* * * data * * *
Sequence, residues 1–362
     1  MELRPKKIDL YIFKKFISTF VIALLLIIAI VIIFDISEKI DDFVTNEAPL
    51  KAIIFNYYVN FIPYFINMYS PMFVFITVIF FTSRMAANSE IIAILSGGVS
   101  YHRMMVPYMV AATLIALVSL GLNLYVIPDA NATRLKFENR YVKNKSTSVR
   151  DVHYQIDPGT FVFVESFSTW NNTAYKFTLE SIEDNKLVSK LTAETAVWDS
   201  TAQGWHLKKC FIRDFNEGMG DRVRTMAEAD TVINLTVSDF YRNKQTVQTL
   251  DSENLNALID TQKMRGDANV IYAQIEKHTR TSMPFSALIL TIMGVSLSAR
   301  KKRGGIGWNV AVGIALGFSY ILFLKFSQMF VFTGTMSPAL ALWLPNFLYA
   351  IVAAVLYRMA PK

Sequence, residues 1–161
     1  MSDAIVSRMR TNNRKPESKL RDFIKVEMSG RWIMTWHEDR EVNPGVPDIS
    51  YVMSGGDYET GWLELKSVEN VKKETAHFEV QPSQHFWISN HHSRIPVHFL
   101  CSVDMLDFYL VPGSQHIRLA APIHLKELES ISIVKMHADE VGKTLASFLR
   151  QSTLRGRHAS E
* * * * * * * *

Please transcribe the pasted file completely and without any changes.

Sequence, residues 1–362
     1  MELRPKKIDL YIFKKFISTF VIALLLIIAI VIIFDISEKI DDFVTNEAPL
    51  KAIIFNYYVN FIPYFINMYS PMFVFITVIF FTSRMAANSE IIAILSGGVS
   101  YHRMMVPYMV AATLIALVSL GLNLYVIPDA NATRLKFENR YVKNKSTSVR
   151  DVHYQIDPGT FVFVESFSTW NNTAYKFTLE SIEDNKLVSK LTAETAVWDS
   201  TAQGWHLKKC FIRDFNEGMG DRVRTMAEAD TVINLTVSDF YRNKQTVQTL
   251  DSENLNALID TQKMRGDANV IYAQIEKHTR TSMPFSALIL TIMGVSLSAR
   301  KKRGGIGWNV AVGIALGFSY ILFLKFSQMF VFTGTMSPAL ALWLPNFLYA
   351  IVAAVLYRMA PK

Sequence, residues 1–161
     1  MSDAIVSRMR TNNRKPESKL RDFIKVEMSG RWIMTWHEDR EVNPGVPDIS
    51  YVMSGGDYET GWLELKSVEN VKKETAHFEV QPSQHFWISN HHSRIPVHFL
   101  CSVDMLDFYL VPGSQHIRLA APIHLKELES ISIVKMHADE VGKTLASFLR
   151  QSTLRGRHAS E